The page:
What It Means to Teach English

~By: Anisha Tyagi, ETA in Semerang~

It means I am teaching a language that has always tried to erase my mother tongue. When I was in preschool, my best friend and I would talk to each other in Hindi. I spoke the language with my parents at home. That was until my preschool teacher complained to my mom. She thought it was disgusting we were using it. Disgusting. I want you to let that word sink in. Because it’s been sinking in all my life, and I want you to taste a little bit of how that word feels. Ever since that day, I have been uncomfortable speaking my own language. I don’t take this loss lightly.

It means I have undeserved privilege in Indonesia. My English co-teachers respect me as an equal when I am a freshly-minted chemistry undergraduate with no teaching credentials. In the first class I visited, one of them asked me to read the dialogue aloud. She wanted her students to hear the “right” accent. After I was done reciting it, my words and intonation feeling completely out-of-place in the room, a student raised his hand. “I loved your accent, Miss.” I wanted to feel flattered. But I could only think of how no one has ever said that about an Indian-English accent. My accent gives me a coveted seat in the teacher’s room, whereas my parents’ accents are ridiculed and require them to answer “where are you really from?”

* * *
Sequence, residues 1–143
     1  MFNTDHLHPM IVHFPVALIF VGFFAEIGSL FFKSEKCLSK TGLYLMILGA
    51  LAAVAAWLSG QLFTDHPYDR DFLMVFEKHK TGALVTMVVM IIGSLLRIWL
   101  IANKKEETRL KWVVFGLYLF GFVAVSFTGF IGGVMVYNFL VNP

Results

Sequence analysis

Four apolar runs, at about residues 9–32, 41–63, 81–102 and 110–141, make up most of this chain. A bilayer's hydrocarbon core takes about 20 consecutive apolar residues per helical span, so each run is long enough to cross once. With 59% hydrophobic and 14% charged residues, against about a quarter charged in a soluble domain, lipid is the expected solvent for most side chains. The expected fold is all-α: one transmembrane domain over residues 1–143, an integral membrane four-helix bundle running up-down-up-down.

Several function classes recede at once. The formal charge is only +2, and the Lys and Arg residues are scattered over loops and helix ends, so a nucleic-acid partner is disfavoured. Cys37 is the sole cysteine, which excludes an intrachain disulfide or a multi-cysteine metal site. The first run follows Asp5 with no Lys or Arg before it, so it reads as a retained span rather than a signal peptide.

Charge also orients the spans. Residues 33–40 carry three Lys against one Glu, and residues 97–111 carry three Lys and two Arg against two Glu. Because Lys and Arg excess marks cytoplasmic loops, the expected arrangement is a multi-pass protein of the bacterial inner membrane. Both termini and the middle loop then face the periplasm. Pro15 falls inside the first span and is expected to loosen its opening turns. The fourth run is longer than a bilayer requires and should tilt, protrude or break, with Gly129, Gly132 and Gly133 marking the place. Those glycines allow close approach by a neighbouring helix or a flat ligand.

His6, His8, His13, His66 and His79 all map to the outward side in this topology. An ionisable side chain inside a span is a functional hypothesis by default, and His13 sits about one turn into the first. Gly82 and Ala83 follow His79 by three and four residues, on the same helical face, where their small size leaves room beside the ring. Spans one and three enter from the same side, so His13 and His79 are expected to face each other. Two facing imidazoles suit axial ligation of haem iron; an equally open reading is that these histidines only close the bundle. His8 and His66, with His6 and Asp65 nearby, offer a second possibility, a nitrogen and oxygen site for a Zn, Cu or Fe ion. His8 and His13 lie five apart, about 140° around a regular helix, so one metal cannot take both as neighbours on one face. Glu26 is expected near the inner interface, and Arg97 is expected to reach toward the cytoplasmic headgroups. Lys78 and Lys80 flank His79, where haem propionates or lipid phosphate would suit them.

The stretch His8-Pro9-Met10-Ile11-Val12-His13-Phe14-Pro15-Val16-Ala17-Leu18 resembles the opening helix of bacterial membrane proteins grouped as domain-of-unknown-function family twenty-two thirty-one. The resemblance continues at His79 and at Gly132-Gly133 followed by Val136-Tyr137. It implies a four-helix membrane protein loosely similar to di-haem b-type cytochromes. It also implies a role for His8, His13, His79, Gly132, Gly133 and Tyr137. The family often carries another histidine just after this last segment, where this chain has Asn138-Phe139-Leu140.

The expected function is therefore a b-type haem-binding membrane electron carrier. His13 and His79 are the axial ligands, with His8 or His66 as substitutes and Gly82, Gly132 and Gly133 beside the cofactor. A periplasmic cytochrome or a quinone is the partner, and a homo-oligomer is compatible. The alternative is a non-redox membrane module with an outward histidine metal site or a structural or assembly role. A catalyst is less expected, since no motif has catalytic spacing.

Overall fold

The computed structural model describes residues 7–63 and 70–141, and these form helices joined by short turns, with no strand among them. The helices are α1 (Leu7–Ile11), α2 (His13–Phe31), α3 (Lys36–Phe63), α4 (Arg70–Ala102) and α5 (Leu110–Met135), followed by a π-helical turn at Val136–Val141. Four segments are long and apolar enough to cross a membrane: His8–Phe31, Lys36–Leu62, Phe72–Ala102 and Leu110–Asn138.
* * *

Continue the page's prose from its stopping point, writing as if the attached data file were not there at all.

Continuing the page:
It means I am helping students better their job prospects. We’re standing on unequal ground, always. It’s not clear how to even it out the right way. My students are learning English to secure their futures, and they’re not mistaken. It takes buckets of privilege to be critical about English in English.

It means I’m going to tell my students their English is more than acceptable. My talented Indonesian friends, who can joke in three languges including English, are embarrassed when they pronounce a word differently from me. Just today, they asked me how to pronounce a word. Then they changed to mimic me. What was I encouraging here? Immediately I emphasized to them, “your English is perfect. If I can understand what you’re saying, you’re saying it right.” My American accent is not the only correct accent. After a pause, one of my friends smiled and nodded. She told me she liked this new perspective.

I want English to be just another language. For learners to be interested in it the way Americans learn Italian, because they want to speak to Italians. English, however, can never be severed from its historic and present use to marginalize those who do not speak it, or those who do not speak it in the desirable way. It opens doors for some, and closes doors for others. These doors are guarded by people who have chosen me to continue their legacy. I’m teaching English in a foreign country with my beautiful American accent. I am conscious of my alliance to the colonial powers that tried to steal my own culture and heritage. Teaching English in Indonesia means I could be part of the problem, but I’m going to try twice has hard not to be.


Photo: Anisha and her students smiling for the camera. Keju!

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